First, not all carriers are included in the database, meaning highly effective and ineffective carriers are not available for shippers to access. In addition, the fairness of the rating, especially with regard to accidents isn’t absolute. Typically, truck drivers are not at fault in car-truck accidents; according to the ATA, only one-quarter of crashes are the fault of the truck driver. Yet, through the CSA system, drivers and carriers are penalized, resulting in a lower overall CSA rating.
Logistic professionals need to continue to maintain rigorous safety standards to ensure the safe transportation of product for suppliers and drivers. Suppliers should use the CSA standards as a guideline along with other carrier qualification measures to assess a carrier’s ability to meet transportation needs.
Safety is critical, and when not properly managed, can be very costly. It’s important to make certain that your safety standards meet and exceed customer expectations, ensuring effective supply chain management and a cost-efficient solution.
Drug and Alcohol Clearinghouse Implementation
Under current regulations, trucking companies are mandated to test for drugs and alcohol during the driver pre-hire process and after a driver has been involved in an accident. In an effort to centralize driver information based on their drug and alcohol tests, FMCSA has proposed the development of a drug and alcohol clearinghouse that would monitor all commercial driver’s license (CDL) holders throughout the country.
Proponents of this regulation believe that this will prevent potentially unsafe drivers from “falling through the cracks” when changing carrier employment from state to state. Opponents believe that the rule only covers part of the issue, and claims that the clearinghouse does not work to prevent distracted or drowsy driving.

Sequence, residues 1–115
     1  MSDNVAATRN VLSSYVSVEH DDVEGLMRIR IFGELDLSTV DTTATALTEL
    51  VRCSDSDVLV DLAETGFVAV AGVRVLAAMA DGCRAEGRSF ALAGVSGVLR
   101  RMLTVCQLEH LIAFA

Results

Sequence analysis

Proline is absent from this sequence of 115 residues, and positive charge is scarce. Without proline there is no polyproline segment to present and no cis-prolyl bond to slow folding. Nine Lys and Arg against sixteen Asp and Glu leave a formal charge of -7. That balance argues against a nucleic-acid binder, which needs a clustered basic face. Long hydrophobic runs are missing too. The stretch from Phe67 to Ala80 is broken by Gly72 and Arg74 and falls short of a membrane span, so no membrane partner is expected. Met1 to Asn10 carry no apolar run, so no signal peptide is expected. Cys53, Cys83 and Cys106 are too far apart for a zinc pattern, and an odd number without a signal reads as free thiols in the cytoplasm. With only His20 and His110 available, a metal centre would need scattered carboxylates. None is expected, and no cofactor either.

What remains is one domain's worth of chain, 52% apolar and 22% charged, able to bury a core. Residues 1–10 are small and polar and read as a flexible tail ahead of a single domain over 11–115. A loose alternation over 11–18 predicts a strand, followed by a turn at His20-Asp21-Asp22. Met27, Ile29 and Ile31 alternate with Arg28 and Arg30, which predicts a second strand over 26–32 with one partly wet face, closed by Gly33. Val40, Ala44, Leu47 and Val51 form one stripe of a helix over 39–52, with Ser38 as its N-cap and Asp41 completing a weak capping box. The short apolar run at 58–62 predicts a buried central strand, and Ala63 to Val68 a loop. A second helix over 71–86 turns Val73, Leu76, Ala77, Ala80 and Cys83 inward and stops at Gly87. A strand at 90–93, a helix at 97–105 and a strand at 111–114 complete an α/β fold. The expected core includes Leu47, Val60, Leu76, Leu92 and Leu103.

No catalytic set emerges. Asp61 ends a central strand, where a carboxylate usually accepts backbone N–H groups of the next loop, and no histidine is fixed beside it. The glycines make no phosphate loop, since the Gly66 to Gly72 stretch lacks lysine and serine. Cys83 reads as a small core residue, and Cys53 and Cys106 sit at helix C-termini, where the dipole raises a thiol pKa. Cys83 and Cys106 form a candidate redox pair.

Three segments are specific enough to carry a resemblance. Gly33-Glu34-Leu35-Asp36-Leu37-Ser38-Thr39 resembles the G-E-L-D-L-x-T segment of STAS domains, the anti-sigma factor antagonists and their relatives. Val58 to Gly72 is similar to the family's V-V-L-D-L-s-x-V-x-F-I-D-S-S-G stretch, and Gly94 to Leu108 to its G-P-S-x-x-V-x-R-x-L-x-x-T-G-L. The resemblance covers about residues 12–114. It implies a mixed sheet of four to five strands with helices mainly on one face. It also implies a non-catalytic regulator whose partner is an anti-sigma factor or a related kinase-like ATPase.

Drug and alcohol abuse is an obvious concern for carriers as they manage their ever-shrinking driver pool. It’s imperative to follow current regulations and once a clearinghouse is established, use that as a supplemental guide to ensure safe, sober drivers.
Electronic Logging Devices (ELD) Mandate
The federal government’s mandate of the use of Electronic Logging Devices (ELD) in all trucks on the nation’s highways, required to be implemented in 2017, will have a significant impact on carriers and drivers.
In the past, drivers would manage all of their hours of service, loads carried and miles traveled on paper, taking time to record their day’s work; all within the expectation that written hours were actual hours. Unfortunately, this wasn’t always the case. Drivers were manipulating written hours to gain additional paid time, increasing driver fatigue-related crashes.
Smart logistics companies have already started using electronic logging technology to track drivers, number of legal hours and the amount of deliveries completed daily. While initial usage results are positive, saving driver time and money in completing paperwork and decreasing total crash rates, this regulation exacerbates the driver shortage and creates capacity challenges.
While all of the above regulations impact the logistics industry, the Drug and Alcohol Clearinghouse implementation and the ELD usage mandate will create the greatest ripple once they are put in place. These two regulations in particular exacerbate the driver shortage already having an effect on suppliers and carriers alike. Current capacity is tight, and the driver shortage along with the improving economy will significantly challenge the logistics industry.
As you continue to monitor regulation movement and change within the trucking industry, work closely with your logistics partner to effectively manage current and potential updates. Through this partnership, your business can manage expenses, reduce risk, improve compliance and develop a cost-effective supply chain that delivers results.